Members of Iowa Citizens for Community Improvement are at the statehouse today, lobbying against proposals they say would create a new loophole for large-scale livestock operations.
Similar bills pending in both the House and the Senate would allow livestock operations to close down barns in order to be reclassified as a small-scale livestock producers and, as a result, avoid filing manure management plans with the state. Brenda Brink of Huxley says millions of gallons of manure could be left behind in the closed barns.
“These bills stink, just like the manure,” Brink says.
Iowa Citizens Community Improvement board president Lori Nelson of Bayard says legislators should stand up for clean water and stop “kowtowing” to large-scale livestock producers.
“This bill is about avoiding EPA inspections and rewarding bad manure management for factory farmers who can’t handle and didn’t plan for storing manure over the winter months,” Nelson says. Several years ago legislators voted to make it illegal to spread manure on frozen ground.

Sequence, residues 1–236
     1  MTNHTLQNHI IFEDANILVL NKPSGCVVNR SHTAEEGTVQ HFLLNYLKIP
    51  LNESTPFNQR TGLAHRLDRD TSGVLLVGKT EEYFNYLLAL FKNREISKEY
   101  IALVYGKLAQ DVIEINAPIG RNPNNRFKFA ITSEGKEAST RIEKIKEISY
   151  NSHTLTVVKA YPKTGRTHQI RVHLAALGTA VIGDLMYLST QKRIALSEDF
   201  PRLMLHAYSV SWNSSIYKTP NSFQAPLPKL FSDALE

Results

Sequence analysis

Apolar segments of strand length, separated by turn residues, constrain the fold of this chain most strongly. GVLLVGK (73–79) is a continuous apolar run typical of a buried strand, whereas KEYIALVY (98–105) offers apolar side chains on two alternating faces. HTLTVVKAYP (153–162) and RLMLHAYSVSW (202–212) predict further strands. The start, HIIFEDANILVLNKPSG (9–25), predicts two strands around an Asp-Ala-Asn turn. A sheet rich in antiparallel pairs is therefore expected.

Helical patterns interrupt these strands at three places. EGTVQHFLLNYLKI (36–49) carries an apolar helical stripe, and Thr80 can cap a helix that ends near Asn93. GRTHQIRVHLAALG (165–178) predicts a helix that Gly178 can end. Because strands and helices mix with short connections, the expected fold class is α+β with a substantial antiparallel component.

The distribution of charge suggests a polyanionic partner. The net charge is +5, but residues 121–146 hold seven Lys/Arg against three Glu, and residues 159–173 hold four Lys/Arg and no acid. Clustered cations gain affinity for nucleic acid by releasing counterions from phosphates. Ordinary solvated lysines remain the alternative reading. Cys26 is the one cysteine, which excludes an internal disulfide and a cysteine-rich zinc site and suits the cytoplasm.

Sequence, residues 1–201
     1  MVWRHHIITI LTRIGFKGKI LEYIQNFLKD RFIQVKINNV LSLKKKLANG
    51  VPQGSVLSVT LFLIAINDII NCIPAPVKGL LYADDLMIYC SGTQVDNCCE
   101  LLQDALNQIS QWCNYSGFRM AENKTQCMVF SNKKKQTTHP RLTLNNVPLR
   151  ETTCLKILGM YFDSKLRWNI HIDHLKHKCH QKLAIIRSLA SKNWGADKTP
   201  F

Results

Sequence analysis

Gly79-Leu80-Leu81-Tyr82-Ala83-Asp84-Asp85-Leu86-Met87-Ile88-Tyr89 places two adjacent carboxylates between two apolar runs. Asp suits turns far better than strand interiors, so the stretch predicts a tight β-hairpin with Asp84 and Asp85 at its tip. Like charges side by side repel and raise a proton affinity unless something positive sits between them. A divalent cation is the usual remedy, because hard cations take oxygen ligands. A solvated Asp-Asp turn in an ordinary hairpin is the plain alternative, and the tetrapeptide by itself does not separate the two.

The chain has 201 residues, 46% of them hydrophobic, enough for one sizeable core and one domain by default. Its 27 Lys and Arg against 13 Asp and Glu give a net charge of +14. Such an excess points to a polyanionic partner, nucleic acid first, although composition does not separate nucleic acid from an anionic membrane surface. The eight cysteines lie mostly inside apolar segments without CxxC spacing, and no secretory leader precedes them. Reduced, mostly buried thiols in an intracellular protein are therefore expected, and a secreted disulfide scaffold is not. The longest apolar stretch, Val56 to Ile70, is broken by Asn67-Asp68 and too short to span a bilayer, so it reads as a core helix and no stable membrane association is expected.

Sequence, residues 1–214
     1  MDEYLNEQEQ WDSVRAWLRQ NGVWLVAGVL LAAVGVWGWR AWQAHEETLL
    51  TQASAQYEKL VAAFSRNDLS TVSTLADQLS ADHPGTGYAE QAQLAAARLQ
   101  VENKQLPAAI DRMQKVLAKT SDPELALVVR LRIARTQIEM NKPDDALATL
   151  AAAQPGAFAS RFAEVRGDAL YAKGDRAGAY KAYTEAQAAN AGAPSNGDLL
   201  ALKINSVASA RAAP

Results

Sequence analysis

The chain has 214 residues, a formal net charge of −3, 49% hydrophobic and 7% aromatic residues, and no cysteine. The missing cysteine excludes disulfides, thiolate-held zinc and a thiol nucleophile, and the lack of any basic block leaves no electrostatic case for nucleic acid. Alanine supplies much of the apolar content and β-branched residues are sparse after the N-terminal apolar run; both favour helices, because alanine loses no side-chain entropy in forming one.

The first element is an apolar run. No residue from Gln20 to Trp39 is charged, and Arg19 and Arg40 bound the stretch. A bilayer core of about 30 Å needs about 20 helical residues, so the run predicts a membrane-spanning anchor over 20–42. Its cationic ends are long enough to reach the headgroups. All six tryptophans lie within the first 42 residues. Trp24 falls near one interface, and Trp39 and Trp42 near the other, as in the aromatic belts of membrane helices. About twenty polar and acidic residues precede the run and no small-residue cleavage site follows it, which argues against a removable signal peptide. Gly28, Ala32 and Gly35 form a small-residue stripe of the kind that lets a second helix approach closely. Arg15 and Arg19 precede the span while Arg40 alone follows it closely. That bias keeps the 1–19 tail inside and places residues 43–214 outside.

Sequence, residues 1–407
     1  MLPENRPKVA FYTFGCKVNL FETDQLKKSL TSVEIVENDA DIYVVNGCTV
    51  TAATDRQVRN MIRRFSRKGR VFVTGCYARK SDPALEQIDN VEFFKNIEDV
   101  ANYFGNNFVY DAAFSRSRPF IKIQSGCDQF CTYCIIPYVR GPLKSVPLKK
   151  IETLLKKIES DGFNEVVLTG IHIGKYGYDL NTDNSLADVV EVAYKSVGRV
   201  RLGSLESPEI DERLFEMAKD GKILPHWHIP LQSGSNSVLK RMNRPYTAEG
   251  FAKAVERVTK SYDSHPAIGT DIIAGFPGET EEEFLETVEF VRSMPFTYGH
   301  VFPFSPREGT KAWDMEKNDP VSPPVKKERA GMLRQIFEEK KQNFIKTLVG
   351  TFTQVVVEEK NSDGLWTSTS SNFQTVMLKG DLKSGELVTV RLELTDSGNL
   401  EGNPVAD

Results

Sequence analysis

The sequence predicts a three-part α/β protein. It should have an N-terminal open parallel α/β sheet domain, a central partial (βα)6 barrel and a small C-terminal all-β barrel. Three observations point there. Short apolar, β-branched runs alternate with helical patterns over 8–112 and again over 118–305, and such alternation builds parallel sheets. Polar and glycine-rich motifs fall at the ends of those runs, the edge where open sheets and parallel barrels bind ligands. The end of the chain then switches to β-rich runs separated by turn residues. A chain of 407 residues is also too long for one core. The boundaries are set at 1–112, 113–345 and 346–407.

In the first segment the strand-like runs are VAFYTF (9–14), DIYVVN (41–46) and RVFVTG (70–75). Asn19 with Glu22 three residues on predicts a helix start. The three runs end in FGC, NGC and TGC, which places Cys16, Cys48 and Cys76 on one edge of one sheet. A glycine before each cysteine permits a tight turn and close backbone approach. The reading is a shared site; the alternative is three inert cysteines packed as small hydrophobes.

Jim Yungclas of Grinnell, a retired director for the Iowa State University Extension Service in Dickenson County, says manure poses a “real risk” to Iowa’s lakes and streams.
“It seems ironic that we should even consider bills that weaken regulations for manure management at a time when Iowa is making national news about factory farms polluting our waters at an ever-increasing rate,” Yungclas says.
A recent Wall Street Journal article highlighted federal efforts to increase inspections of Iowa livestock operations to address concerns about water pollution caused by manure spills and the run-off from fields where manure has been spread.
The Iowa Pork Producers Association is the only group registered as supporting the bills to change state livestock regulations. A spokesman for the association says many producers “would like to suspend their manure management plans” because a “farmer’s son” is going to college and the farmer wants to reduce his hog herd — and close a confinement building — until the son returns to the farm and can start raising hogs in that building.